- The Panel concluded that Respondent, especially as a professional in the domain name business, and consistent with paragraph 2 of the Policy, did have a duty to ensure that registration of the Domain Name would not infringe the rights of a third party. It appears from the record that Respondent failed to perform such checks in relation to the term “intocable.” However, that fact alone is not determinative.
- Even if Respondent had performed such due diligence, the word “intocable” is not merely an acronym or fanciful term that could refer reasonably only to Complainant and its musical group; it is also a common Spanish language word. This case is therefore distinguishable from the UDRP cases, Sibyl Avery Jackson and Red Nacional, cited by Complainant. In those cases the domain names in dispute – <sibylaveryjackson.com> and <renfe.com> – referenced the distinctive personal name and acronym for the respective complainants, and carried no other common language meaning or plausible use.
- Even if Respondent had been aware of Complainant’s trademark rights, this knowledge would not have necessarily prevented Respondent from registering the Domain Name in good faith for its common meaning, so long as the Domain Name is not used by Respondent in a manner that infringes upon Complainant’s trademark rights. Obviously, if Respondent attempts to use the Domain Name in relation to Complainant or related musical goods or services, Respondent would cross the line.
The Panel further noted that any such use, or indeed other indicia pointing to pretext in disavowing knowledge of Complainant, could color Respondent’s conduct to indicate bad faith intent.
The Panel determined that, on the basis of the facts and circumstances in the record, this is not an appropriate case to apply concepts of constructive notice or wilful blindness as against Respondent
- The Panel also concluded that on the balance of the probabilities, that Respondent’s use of the Domain Name prior to notice of the dispute, linking it to a Sedo.com webpage where it was offered for sale, was not use in bad faith, especially in view of the sworn statement of Respondent’s CEO that he had no knowledge of Complainant, its trademarks or music. Respondent’s subsequent act, declining to sell the Domain Name in response to Complainant’s request, also does not constitute bad faith use.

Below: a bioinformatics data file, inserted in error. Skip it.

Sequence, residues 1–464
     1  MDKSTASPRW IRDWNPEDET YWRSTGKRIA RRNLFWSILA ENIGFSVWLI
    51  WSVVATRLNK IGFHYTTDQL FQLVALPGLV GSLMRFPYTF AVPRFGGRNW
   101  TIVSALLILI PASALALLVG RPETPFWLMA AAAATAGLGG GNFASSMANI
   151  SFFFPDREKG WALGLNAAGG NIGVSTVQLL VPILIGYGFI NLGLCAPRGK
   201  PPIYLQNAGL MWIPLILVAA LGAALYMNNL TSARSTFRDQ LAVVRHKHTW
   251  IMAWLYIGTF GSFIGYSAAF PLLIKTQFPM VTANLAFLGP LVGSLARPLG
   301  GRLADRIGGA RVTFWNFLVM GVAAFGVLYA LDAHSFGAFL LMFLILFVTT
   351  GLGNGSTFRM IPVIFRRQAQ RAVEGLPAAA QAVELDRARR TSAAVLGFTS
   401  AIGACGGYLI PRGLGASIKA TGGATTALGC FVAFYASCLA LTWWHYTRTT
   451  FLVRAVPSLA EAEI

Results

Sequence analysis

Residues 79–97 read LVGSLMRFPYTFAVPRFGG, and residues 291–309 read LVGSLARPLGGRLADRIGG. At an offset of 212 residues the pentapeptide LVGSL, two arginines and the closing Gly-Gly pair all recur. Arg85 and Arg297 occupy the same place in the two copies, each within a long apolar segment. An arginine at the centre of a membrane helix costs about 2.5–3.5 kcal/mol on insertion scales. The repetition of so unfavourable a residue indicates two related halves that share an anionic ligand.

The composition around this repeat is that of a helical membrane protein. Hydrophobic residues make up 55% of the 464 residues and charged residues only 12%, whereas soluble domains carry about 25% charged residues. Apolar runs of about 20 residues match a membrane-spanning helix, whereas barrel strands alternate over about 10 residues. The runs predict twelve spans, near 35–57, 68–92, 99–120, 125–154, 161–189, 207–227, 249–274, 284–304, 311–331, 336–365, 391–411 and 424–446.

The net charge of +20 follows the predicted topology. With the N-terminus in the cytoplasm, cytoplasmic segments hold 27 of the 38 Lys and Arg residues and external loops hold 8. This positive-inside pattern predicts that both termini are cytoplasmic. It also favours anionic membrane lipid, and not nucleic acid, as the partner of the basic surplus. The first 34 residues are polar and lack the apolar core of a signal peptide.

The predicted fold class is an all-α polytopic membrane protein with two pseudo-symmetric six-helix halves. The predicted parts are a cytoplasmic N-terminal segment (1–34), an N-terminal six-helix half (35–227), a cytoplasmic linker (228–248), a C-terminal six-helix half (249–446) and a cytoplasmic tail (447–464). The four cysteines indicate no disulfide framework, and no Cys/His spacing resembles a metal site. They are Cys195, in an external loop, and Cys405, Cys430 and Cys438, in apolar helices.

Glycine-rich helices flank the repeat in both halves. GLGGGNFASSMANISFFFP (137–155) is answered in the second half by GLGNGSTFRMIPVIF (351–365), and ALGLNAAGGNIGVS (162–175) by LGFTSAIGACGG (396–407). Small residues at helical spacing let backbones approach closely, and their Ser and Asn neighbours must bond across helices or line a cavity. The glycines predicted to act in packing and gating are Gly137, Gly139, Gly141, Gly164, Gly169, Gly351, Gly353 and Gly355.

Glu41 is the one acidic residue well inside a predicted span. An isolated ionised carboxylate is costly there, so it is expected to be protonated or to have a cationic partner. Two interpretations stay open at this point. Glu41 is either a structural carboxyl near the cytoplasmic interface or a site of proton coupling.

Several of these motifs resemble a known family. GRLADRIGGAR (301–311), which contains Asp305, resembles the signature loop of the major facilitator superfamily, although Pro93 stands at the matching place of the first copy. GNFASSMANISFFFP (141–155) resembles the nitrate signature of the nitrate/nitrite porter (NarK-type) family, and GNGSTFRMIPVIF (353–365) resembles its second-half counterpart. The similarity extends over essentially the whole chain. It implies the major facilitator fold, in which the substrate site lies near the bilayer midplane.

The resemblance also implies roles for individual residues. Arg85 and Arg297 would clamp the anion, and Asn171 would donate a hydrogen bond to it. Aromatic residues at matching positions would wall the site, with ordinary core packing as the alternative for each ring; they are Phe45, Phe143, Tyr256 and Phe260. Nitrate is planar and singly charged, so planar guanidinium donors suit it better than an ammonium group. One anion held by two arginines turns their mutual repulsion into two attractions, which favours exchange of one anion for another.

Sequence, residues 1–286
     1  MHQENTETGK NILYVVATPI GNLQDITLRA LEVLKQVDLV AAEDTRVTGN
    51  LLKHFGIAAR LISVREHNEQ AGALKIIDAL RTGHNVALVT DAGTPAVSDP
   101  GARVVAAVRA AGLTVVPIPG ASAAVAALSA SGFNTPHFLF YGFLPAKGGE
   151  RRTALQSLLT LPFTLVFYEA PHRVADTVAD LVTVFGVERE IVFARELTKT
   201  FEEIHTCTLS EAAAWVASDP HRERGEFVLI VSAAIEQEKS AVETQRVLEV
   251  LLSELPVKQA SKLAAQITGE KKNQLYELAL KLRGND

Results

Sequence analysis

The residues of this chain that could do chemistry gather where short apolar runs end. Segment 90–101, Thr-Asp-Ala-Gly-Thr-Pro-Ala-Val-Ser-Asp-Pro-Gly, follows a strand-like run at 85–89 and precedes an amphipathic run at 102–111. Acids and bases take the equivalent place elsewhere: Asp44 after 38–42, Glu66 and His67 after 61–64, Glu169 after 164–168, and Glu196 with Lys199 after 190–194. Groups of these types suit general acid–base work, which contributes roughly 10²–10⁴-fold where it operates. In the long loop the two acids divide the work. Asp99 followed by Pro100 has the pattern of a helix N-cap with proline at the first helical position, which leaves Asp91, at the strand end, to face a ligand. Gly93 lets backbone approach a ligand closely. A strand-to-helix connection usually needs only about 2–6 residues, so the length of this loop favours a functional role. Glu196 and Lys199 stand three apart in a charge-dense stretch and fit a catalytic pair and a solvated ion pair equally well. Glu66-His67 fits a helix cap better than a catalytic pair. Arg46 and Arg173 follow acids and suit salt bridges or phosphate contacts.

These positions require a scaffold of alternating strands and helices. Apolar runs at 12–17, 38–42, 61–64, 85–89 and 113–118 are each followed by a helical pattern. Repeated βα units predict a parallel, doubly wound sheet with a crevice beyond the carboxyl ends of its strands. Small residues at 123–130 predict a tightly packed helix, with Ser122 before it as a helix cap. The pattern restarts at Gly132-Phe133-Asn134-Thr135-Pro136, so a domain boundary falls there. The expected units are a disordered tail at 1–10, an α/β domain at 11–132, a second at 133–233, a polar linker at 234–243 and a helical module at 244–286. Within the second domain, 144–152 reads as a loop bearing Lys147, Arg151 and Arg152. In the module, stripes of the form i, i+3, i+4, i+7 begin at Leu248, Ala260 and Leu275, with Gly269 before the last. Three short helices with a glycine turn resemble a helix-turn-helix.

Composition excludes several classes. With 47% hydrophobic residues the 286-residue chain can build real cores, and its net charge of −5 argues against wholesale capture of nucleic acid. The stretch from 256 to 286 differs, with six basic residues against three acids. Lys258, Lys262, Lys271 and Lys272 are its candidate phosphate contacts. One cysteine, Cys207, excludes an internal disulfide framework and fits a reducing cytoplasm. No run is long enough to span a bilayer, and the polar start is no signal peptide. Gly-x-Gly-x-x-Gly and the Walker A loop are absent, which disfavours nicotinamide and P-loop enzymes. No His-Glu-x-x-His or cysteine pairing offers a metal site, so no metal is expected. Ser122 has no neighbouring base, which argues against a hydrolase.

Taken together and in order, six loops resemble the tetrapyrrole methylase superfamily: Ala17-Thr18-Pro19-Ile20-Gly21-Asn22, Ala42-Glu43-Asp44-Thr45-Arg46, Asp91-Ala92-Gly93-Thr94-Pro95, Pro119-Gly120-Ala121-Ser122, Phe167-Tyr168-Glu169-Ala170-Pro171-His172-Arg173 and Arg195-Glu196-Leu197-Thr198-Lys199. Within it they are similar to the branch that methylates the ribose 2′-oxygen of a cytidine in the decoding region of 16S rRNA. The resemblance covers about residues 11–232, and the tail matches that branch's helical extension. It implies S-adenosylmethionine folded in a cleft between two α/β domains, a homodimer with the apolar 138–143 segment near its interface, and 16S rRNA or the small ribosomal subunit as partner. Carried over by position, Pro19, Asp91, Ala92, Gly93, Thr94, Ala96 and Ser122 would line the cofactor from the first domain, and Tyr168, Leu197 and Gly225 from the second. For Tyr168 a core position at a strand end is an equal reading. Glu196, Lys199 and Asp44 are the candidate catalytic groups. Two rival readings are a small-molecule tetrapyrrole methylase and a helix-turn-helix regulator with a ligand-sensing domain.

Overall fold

In view of all of the above circumstances, the Panel determined that Complainant has failed to prove that Respondent registered and is using the Domain Name in bad faith.
- The three member panel herein determined the trademark rights of the Respondent.
- The Panel concluded could not decide the Rights and legitimate interest in favor of any party considering the submissions of the parties and has provided the decision on the basis of the third element of the policy that is “Registration and use of Domain Name in Bad Faith”
- Panel while concluding determined that though it was the duty of the Respondent being in the business of buying an selling of Domain Names to conduct due diligence about the third party rights in the Domain Name but the Panel notes that said ddetermination is not conclusive to find the bad faith intent of the Respondent.
Therefore, to conclude that the Domain name was registered in good faith, Panel noted that nothing precludes Respondent to register the Domain Name consisting of generic term for its obvious meaning so long as the Domain Name was registered in the manner that it does not infringe Complainant’s mark.
The decision is a promising move for the lot of Domainers who have invested heavily in the Domain names that are generic in nature. However, lot depends upon the facts and circumstances of each matter and any one relying on the decision must seek legal advise from the Domain Name attorney.
Nothing in the article constitutes any legal advise or constitute any legal relationship with the author. Readers should rely on the legal advise provided by the attorney after discussing the matter with them.
You can contact me by email. Contact details can be found at www.domainconsultant.tel or can connect on social networking websites “@iplawattorney”
© 2016, Gurpreet Singh Monga, www.doamainconsultant.tel